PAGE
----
He has worked on bills to provide a pathway to citizenship for young immigrants brought to the U.S. illegally as children who are protected from deportation under an Obama-era program called Deferred Action for Childhood Arrivals. (Trump unwound the initiative in 2017, but federal courts have kept it from going away.)
Coffman has also brought legislation seeking to provide a pathway to citizenship for Temporary Protected Status recipients, another program which has been undone under Trump.
“I don’t support illegal immigration,” he said. “We have to enforce our laws. We have to have reasonable laws to enforce.”
Immigration has been a major area where Coffman has been able to make major inroads with Aurora’s diverse communities.
Crow, like Coffman, is calling for comprehensive immigration reform, but says that it can’t happen as long as Republicans are in control of Congress.
“We need a path to citizenship and permanent residency for the undocumented folks who are here,” he said. “That’s work permits and a path to residency. We need to make sure we are bringing people out of the shadows. This is an economic issue as much as it is a human rights issue.”
On #abolishICE, a movement championed by the progressive wing of the Democratic party, Crow says he wants to take a broader approach.
“The issue is Donald Trump’s policies and what he is having certain government agencies do,” he said. “You can change the name of an agency and shuffle that around, but until you hold Donald Trump accountable and you have someone who is really willing to fight back against his policies, I don’t believe it’s going to address the underlying issue.”
The candidates’ military service
In 1972, at age 17, Coffman left Aurora Central High School and joined the Army. He served until 1974 and then joined the Army Reserve.
Coffman transferred to the Marine Corps in 1979 and he served as an infantry officer. He later joined the Marine Reserve and returned to active duty for the first Gulf War.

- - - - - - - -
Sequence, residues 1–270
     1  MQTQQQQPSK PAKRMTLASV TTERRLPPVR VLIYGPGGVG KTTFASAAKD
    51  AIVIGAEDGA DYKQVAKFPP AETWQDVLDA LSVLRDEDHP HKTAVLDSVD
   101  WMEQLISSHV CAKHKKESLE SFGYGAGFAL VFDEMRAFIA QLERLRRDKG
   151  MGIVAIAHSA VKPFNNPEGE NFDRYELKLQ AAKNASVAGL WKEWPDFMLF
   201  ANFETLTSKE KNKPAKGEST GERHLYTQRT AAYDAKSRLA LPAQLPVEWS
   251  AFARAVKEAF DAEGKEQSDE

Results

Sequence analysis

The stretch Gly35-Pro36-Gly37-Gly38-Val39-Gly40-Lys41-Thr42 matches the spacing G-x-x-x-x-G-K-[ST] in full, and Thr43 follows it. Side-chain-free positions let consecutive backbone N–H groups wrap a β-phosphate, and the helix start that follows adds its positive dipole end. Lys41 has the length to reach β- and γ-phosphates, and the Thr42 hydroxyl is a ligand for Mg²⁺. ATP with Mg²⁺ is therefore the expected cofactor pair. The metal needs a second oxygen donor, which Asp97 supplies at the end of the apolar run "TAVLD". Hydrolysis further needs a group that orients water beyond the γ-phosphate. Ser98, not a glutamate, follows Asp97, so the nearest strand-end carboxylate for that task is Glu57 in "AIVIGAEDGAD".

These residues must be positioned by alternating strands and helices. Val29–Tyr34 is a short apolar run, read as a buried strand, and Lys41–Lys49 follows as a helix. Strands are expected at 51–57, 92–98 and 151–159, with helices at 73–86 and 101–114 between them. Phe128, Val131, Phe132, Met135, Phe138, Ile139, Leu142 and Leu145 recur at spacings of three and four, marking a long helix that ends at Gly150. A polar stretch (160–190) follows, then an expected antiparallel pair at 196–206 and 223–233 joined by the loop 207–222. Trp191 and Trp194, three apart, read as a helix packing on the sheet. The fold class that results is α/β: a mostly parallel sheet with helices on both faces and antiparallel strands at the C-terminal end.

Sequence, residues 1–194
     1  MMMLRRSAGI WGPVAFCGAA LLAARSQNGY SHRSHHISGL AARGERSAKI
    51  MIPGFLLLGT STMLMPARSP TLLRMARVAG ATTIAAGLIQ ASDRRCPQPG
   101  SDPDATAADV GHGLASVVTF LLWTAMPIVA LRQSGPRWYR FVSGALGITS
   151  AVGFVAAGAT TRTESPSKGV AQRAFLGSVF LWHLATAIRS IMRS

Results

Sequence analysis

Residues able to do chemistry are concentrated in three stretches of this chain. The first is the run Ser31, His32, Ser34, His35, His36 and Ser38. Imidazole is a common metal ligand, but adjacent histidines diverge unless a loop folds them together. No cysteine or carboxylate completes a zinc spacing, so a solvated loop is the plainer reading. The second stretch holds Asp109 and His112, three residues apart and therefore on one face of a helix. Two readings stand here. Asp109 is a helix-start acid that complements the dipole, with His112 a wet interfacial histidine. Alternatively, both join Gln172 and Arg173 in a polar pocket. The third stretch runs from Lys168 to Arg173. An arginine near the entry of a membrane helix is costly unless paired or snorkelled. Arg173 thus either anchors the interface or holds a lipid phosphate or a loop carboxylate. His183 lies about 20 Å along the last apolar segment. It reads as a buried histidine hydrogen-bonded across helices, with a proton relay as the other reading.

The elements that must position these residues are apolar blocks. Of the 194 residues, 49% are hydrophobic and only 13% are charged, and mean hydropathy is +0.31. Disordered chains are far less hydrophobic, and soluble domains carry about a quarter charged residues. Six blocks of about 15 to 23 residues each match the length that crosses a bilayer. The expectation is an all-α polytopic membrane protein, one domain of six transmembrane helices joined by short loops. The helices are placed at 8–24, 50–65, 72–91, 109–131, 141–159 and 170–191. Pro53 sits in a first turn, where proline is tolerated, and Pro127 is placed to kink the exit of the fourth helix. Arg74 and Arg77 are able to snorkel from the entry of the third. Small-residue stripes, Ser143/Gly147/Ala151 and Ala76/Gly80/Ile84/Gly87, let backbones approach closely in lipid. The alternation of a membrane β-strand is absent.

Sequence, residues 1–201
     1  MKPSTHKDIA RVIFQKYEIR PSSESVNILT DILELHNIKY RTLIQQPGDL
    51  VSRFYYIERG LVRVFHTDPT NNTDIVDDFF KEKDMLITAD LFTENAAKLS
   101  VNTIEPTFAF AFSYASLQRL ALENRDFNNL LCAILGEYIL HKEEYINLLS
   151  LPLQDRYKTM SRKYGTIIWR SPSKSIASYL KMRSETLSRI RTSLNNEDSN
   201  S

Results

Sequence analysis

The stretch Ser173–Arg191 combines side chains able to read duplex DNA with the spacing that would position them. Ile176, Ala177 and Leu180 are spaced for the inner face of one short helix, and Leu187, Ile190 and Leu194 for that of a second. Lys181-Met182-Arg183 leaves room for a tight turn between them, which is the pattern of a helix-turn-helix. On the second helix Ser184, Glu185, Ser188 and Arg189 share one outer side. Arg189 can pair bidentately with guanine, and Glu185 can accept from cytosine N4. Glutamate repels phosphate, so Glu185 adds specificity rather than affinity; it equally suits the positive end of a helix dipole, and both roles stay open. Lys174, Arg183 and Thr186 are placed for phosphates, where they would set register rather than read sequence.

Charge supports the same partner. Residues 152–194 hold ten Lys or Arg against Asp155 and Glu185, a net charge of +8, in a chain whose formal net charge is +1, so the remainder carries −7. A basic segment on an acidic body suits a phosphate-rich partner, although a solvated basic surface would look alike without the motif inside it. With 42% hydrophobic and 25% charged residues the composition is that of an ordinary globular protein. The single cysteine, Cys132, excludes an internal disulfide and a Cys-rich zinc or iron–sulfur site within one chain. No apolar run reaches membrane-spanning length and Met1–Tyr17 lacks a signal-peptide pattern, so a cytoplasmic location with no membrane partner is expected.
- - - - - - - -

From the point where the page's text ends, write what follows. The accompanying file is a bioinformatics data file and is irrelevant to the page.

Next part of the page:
He retired from the military in 1994. He then volunteered to return to active duty in 2005 and deployed during Operation Iraqi Freedom until 2006.
In college, Crow joined the Army ROTC and then became a part of the Army’s 82nd Airborne Division and deployed in the initial attack in Operation Iraqi Freedom.
He then went on to serve in the U.S. Army’s elite 75th Ranger Regiment, serving two additional tours — this time in Afghanistan, as part of the Joint Special Operations Task Force, where Crow reached the rank of captain.
Crow left the military in 2006.
On House leadership
With House Speaker Paul Ryan stepping down from his post, Coffman says he likes Majority Whip Steve Scalise and Majority Leader Kevin McCarthy for the job.
“I think that they’ve been sensitive to members like myself,” he said. “… We’ve got to hold the majority first and then we’ll make those decisions.”
Crow says he wants to see a change in Democratic leadership in the House. “I will not support (Minority Leader) Nancy Pelosi,” Crow said.
He declined, however, to say who he would like to see in the role.
“I’m not going to throw anyone out there, that’s their decision,” he said. “There’s a lot of really great leaders, frankly, that are in the House right now, people that I’ve got to know over the last 16-plus months.”
County clerks will begin sending out ballots on Oct. 15.
More from The Colorado Sun
- Colorado to challenge Trump administration decision ending states’ waiver for stricter vehicle-emissions
- EPA set to end California’s ability to regulate fuel economy, which could impact Colorado
- Opinion: Why the zero emission vehicle standard matters — and what it means for Colorado
- Can Purdue Pharma’s opioid settlement win judge’s approval?
- Parked: Colorado towns are taking action to preserve their remaining mobile-home parks